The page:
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China Property Bonds Strong Weekly Bounce Score, by Evergrande Miss Reuters


Reuters. File photo: The China Evergrand Center building sign is seen in Hong Kong, China, September 23, 2021. REUTERS / Tyrone Siu

LONDON (Reuters) – Chinese real estate firms saw a strong weekly bounce cement on their wrecked bonds on Friday, though one notable one from the rally was missing: China Evergrand Group.

A flurry of asset sales and share placing, including some from Evergrand itself, this week raised hopes that the heavily indebted sector will be able to avoid a full-blown crisis and eventually stabilize.

Friday’s gainers included Country Garden, China’s top property developer, whose bonds were almost equal, or 100 cents to the dollar, down nearly 80 cents on a sector-wide slide last week.

Shima was also a notable rebounder. Its bonds have completed a yo-yo back up to 90 cents after dropping to around 70 last week while snatching valuable investment from S&P Global (NYSE 🙂 from the grade credit rating.

Market watchers kept the rebound down for the relief that firms have been able to raise money this week by placing shares and selling assets, even giving them deep discounts to complete their deals.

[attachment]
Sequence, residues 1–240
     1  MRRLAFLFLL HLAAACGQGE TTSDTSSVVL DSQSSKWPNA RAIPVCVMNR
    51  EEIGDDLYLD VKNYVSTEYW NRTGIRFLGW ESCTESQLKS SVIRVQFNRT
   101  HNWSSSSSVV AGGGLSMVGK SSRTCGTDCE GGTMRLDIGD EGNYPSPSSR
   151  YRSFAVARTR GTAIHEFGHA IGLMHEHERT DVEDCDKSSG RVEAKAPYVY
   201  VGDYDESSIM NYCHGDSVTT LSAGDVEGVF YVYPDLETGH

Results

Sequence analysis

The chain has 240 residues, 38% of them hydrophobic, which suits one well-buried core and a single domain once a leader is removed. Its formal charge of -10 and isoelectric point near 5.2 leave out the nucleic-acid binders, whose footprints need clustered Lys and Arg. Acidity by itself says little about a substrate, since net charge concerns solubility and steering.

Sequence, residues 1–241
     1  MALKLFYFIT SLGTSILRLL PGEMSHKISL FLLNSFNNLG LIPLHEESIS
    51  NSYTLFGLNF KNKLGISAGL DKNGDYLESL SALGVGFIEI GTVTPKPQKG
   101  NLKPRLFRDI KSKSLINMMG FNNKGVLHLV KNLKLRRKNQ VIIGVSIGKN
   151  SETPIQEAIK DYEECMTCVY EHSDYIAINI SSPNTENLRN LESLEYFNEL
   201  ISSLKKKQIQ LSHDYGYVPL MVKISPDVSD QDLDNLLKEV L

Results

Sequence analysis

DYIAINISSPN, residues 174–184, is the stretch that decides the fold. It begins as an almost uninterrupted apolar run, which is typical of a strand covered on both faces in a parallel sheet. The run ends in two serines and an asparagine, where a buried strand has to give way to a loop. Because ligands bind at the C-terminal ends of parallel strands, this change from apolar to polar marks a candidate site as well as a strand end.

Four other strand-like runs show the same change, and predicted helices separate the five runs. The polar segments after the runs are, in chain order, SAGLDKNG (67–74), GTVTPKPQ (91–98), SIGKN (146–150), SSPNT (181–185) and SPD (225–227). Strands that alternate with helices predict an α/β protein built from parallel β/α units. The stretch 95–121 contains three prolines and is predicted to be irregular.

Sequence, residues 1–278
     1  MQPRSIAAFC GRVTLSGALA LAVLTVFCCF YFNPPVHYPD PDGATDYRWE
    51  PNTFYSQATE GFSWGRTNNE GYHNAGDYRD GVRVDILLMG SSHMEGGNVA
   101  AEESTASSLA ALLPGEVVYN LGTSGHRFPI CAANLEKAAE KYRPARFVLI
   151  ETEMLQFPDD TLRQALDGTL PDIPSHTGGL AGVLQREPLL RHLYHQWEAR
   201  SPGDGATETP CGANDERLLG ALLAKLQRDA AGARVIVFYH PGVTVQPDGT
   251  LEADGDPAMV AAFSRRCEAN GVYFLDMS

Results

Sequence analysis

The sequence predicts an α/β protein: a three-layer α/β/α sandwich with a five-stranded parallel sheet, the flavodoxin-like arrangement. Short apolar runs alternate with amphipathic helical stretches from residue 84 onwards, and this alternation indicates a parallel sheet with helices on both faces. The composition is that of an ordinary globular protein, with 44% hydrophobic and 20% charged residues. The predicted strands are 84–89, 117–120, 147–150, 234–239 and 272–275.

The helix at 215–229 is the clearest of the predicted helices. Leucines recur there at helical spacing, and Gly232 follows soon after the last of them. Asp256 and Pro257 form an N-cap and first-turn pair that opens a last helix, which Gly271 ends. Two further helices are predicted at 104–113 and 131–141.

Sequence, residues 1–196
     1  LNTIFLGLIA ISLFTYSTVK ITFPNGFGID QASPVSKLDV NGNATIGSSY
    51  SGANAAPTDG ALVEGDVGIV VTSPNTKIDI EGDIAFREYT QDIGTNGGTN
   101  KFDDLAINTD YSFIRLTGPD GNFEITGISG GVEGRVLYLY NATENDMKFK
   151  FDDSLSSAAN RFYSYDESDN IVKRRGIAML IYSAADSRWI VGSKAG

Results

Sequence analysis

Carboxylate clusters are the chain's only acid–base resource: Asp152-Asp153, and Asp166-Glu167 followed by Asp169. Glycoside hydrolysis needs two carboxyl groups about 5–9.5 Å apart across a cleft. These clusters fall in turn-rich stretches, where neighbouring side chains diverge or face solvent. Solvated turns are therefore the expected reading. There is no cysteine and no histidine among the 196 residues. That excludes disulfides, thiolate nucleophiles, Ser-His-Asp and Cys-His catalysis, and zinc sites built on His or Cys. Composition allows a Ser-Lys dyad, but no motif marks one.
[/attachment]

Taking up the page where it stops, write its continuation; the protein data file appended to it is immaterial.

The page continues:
Country Garden Services Holdings, China’s top developer’s property services unit, raised $ 1 billion from share placing on Thursday, two sources told Reuters.

Among the country’s top four developers, Sunac China raised a total of $ 949.70 million, while Evergrande streaming services company HengTen struck a deal to sell its entire stake in HK $ 2.13 billion ($ 273.5 million).

Despite gains elsewhere, however, Evergrand bonds have remained between 23 and 29 cents on the dollar this week – a 71% -77% mark that returned to their value in May when problems in the Chinese property sector first began to snowball.

S&P warned this week that Evergande, the world’s most indebted developer with about $ 19 billion in international market bonds and $ 300 billion in liabilities, is still “highly likely” to default because it only has to pay $ 3.5 billion in March and April next year.

(This story corrected a spelling mistake in the first paragraph)

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